At the end it looks like:

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(Clarified on left, obviously, some of the unclarified on right. You can’t really see the Chemex filtering still more in the background.)

My 600ml of lemon juice came out to about 400ml of clarified. I only needed about 250ml for the cocktail I was working on, so I guess I got a little extra.

Then I put the cocktail together. It was:

250ml clarified lemon

250ml rosemary simple syrup

500ml vodka (it was for a party and I didn’t know if they’d be gin people)

500ml filtered water

This gives us a final ABV of about 13%.

I put it all in a 2 liter bottle and carbonated to 40 PSI. Usually I’d have done this with gin, and served over the rocks in a Collins glass with a sprig for garnish. But this was for a party and we were drinking out of red Solo cups straight. (Sorry, no pics of the final drink as a result.)

It was quite awesome. Everyone seemed to love it. I’d done basically the same cocktail a couple years ago, when I knew how to carbonate things but not how to clarify, and it tasted good but foamed out and ended up flat. It’s much better for the extra bubbliness you get from clarifying and is a great example of why you shouldn’t try to carbonate unclarified juices.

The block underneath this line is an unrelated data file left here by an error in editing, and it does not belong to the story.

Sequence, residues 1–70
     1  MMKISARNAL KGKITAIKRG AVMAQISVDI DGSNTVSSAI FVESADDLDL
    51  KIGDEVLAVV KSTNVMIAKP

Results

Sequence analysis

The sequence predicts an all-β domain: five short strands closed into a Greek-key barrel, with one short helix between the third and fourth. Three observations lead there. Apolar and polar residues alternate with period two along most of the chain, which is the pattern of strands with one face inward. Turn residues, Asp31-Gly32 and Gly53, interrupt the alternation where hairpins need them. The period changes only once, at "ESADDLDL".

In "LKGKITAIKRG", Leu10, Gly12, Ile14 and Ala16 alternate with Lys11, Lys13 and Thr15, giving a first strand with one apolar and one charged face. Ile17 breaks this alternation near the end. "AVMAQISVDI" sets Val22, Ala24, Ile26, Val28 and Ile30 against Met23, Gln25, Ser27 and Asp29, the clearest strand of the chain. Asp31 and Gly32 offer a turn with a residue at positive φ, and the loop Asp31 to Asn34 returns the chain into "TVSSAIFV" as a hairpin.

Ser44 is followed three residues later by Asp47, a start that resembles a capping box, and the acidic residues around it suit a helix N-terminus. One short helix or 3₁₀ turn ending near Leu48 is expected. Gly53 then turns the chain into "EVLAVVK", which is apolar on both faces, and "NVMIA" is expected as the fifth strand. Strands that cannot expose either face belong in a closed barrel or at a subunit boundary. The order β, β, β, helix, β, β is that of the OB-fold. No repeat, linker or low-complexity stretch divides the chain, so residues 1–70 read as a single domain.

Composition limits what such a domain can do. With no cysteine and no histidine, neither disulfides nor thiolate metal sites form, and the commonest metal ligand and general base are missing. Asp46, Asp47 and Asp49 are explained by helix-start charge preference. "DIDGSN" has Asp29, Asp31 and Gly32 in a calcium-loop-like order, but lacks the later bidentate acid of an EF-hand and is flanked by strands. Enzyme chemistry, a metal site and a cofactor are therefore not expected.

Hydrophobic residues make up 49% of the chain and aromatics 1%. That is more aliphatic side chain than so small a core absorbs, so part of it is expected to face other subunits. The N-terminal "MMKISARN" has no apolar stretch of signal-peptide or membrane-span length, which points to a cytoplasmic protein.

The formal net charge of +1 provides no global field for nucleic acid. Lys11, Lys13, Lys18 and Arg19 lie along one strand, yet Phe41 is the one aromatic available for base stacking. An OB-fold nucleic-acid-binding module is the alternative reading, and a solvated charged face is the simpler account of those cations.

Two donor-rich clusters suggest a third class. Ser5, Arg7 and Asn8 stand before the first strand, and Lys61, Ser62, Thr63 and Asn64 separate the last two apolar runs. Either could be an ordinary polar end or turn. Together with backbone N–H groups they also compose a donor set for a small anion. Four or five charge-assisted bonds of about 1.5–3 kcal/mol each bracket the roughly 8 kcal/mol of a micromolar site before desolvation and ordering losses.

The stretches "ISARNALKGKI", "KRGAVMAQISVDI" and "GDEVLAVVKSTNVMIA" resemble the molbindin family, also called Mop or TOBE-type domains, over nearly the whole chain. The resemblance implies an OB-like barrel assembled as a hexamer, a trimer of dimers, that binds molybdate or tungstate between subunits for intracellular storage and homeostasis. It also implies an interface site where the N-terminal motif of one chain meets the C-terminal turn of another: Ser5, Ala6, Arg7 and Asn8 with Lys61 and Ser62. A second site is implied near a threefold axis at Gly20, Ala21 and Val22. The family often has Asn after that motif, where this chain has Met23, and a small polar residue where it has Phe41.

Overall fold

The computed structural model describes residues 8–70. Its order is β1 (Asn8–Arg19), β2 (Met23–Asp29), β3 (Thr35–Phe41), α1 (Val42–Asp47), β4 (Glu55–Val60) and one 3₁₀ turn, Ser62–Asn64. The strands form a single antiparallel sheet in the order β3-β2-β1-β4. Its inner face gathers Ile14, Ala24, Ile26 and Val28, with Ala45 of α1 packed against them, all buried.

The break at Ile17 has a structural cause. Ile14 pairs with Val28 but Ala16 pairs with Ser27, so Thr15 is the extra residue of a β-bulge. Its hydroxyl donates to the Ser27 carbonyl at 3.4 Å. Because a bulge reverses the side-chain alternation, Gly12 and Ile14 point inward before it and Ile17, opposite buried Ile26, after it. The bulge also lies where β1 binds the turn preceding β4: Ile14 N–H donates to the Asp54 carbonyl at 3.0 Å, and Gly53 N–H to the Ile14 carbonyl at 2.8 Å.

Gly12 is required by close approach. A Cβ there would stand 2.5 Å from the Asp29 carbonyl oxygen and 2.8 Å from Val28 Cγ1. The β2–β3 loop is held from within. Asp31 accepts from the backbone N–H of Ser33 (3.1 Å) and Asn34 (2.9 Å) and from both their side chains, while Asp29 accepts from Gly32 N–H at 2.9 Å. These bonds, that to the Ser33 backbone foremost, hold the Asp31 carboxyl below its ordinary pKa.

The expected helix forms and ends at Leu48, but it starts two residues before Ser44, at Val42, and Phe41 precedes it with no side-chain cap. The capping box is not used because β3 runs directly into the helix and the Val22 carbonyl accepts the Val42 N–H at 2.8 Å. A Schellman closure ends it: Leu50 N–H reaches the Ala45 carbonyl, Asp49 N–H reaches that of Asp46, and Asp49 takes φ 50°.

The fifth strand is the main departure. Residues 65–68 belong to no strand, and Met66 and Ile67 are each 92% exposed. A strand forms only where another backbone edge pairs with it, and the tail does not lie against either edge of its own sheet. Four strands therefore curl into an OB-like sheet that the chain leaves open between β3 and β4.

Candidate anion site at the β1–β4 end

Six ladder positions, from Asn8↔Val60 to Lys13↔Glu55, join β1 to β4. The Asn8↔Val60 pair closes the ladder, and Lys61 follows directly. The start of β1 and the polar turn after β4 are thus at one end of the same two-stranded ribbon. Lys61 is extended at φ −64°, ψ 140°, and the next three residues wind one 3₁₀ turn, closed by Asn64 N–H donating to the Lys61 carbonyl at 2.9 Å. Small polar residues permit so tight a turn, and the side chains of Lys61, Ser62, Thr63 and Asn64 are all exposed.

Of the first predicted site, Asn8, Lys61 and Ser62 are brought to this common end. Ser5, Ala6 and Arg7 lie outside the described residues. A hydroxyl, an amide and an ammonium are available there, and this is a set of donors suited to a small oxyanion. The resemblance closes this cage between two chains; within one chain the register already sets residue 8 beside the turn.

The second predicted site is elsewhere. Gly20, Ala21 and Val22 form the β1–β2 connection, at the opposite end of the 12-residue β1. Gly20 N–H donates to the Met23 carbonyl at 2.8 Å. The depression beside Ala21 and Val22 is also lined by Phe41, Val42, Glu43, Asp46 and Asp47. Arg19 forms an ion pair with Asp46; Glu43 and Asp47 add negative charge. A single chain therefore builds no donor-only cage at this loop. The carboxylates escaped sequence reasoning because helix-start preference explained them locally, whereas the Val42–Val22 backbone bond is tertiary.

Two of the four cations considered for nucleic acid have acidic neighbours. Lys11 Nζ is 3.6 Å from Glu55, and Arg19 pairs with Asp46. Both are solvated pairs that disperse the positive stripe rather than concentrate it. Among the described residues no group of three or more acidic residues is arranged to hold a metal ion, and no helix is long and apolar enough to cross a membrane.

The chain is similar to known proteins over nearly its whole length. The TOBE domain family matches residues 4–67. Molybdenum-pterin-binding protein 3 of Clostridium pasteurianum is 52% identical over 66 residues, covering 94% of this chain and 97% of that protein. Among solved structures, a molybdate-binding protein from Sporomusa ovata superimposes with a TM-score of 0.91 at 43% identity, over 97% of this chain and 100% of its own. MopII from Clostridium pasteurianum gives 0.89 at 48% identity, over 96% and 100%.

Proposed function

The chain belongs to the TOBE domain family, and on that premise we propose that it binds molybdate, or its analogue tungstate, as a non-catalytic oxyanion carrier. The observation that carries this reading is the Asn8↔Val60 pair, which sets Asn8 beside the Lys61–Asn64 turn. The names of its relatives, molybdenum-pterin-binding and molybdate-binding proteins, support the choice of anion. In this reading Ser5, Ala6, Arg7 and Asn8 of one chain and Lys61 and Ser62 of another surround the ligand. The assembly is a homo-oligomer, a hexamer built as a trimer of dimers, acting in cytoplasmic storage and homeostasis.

Gum (Gomme) Syrup the Easy Way

While developing a cocktail recently, I decided I wanted to try gum (or gomme, if you prefer the old-fashioned style) syrup. Even in our nation’s best cocktail bars, it’s still a rarity to find this once-common ingredient. I’ve read many praises of the mouthfeel it imparts to cocktails and wanted to give it a shot myself.

Everyone on the internet describes gum syrup as difficult to make, and blames that for its disappearance, but after a little digging it didn’t seem hard at all for someone who has used hydrocolloids a little. You’ll read a lot about people having clumping problems on the internet, which seems to be because they don’t know how to properly disperse it. I had that problem when I first started working with hydrocolloids too. Had anyone bothered to ask a modernist chef they’d probably have found it was much easier to make than they thought. Luckily I’m a modern cuisine hobbyist, and even though I’m far from a professional I was up to this task.